Gottfried Reiche

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Portrait, oil on canvas of Gottfried Reiche (1667–1734) by Elias Gottlob Haussmann (1695–1774), 1727

Gottfried Reiche (German pronunciation: [ˈɡɔtfʁiːt ˈʁaɪçə]; 5 February 1667 – 6 October 1734) was a German trumpet player and composer of the Baroque era.[1][2] Reiche is best known for having been Johann Sebastian Bach's chief trumpeter at Leipzig from Bach's arrival there in 1723 until Reiche's death.[3][4]


Reiche was steeped in trumpet playing from an early age – he was born in the town of Weissenfels, Germany which had a long tradition of trumpet music at its court. He went to Leipzig in 1688, eventually succeeding trumpeter Johann C. Genzmer there as Senior Stadtmusicus in 1719.

Reiche was a musician of great skill, if one can judge from the trumpet parts written for him by Bach. They are among the most florid, creative, and difficult trumpet parts of the Baroque era, quite clearly intended for a player of great virtuosity.

He is the subject of a famous painting of the era, which was made by Leipzig artist E.G. Haussmann for the occasion of Reiche's 60th birthday in 1727. In the portrait, Reiche holds a coiled natural trumpet (Ger. Jägertrompete, trans. hunting trumpet) in his right hand. In his left hand, he holds a sheet of manuscript music on which is written a short Abblasen or fanfare. The musical notes are depicted accurately in the painting, and the fanfare has been transcribed and performed by several artists. It has also served for many years as the theme music to the American television show CBS Sunday Morning.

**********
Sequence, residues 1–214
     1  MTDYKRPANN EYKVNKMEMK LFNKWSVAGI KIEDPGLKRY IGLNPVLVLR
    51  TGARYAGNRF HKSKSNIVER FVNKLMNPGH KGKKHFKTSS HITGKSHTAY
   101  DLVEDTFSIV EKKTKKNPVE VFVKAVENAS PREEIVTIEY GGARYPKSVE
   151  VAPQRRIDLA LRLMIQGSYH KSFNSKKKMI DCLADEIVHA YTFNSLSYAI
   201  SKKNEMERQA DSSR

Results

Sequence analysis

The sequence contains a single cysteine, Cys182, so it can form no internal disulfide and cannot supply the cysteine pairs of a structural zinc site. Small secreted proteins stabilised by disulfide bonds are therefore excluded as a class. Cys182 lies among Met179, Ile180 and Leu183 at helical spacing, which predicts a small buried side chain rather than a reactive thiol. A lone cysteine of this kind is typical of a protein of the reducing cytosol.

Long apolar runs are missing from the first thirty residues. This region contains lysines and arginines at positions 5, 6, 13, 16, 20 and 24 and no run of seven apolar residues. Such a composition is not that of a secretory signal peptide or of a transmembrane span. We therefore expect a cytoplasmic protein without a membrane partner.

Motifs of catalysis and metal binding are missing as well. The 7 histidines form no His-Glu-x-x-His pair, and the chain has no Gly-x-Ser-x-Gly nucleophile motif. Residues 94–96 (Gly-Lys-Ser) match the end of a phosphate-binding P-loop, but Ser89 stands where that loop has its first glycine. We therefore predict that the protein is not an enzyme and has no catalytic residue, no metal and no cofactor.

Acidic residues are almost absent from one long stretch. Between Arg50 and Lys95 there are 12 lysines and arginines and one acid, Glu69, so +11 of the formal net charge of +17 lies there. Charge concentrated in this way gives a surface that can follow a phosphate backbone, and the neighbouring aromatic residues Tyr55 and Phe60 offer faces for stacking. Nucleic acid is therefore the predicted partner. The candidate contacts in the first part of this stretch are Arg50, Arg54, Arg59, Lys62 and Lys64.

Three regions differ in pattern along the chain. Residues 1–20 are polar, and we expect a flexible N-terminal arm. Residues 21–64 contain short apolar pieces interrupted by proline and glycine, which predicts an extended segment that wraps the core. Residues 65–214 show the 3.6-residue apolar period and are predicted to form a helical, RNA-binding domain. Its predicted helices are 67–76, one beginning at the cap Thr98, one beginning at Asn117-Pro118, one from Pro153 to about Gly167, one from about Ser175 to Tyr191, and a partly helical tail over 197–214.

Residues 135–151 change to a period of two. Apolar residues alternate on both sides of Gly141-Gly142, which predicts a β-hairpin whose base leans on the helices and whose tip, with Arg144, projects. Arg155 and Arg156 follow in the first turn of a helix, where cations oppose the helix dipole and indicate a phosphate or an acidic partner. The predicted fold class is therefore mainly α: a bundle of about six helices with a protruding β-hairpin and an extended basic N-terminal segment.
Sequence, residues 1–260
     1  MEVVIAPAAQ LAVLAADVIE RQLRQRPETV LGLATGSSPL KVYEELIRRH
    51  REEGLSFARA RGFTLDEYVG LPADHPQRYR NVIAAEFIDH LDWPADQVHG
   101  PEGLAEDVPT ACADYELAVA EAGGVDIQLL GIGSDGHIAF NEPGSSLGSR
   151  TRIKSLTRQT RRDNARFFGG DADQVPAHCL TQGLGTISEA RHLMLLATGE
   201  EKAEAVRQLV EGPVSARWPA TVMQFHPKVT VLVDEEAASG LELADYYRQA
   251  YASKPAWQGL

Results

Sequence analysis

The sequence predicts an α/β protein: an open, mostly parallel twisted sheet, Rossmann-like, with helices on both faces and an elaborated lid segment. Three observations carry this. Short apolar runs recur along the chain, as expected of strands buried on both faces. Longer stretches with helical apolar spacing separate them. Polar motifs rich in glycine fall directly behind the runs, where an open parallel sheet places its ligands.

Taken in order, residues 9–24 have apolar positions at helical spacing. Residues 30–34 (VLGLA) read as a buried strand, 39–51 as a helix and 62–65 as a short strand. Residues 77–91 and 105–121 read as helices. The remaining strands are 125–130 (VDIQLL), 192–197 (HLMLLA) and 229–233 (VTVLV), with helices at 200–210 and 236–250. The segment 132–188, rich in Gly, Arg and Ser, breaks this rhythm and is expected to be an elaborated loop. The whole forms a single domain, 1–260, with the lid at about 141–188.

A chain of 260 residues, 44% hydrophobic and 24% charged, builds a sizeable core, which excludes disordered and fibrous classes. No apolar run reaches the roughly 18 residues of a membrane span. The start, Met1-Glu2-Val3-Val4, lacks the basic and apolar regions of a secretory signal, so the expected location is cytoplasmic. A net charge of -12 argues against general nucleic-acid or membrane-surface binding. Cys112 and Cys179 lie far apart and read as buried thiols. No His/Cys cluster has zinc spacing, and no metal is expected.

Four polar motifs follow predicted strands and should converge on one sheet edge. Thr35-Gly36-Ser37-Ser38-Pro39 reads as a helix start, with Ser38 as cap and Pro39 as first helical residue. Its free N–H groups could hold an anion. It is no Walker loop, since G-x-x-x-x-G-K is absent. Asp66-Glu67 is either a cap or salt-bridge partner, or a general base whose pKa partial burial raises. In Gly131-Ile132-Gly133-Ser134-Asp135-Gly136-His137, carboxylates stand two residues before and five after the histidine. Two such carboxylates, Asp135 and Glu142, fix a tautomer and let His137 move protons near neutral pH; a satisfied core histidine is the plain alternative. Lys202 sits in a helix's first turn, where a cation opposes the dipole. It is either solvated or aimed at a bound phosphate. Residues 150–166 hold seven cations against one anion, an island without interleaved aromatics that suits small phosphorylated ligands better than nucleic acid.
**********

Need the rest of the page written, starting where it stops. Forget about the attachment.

While Reiche himself composed many such Abblasen and other "tower music" (Turmmusik) (most of which is lost), some scholars believe that the style of the music in the portrait hints at possibly being composed by J.S. Bach himself, perhaps as a birthday gift for his chief trumpeter.

Chronicle of Leipzig for 5 and 6 October 1734, reporting Reiche's death

Reiche died of a stroke in Leipzig, Germany, collapsing in the street while walking home one night. A contemporary account attributed the stroke to the strain of having played trumpet the previous evening, with "his condition having been greatly aggravated from the smoke given off by the torch-lights", when he participated in the performance of Bach's congratulatory cantata Preise dein Glücke, gesegnetes Sachsen, BWV 215.

After his death, Reiche was succeeded by Christoph Ruhe.


  • Don Smithers, Gottfried Reiches Ansehen und sein Einfluß auf die Musik Johann Sebastian Bachs, Bach-Jahrbuch 73, p. 113-150, 1987
  • Don Smithers, Bach, Reiche and the Leipzig Collegia Musica, Historic Brass Society Journal 2, p. 1-51, 1990
  • The Ewald Brass Quintet's recording of the complete Vierundzwanzig neue Quatricinien (1696): Hungaroton HCD 32451


  1. ^ "Review/Music; The Downtown School Of Aural Lessons (Published 1992)". The New York Times. Archived from the original on 2018-01-16.
  2. ^ JSTOR
  3. ^ "A Doctor by Day and Detective in Spare Time". Los Angeles Times. 2001-08-27. Archived from the original on 2016-03-07.
  4. ^

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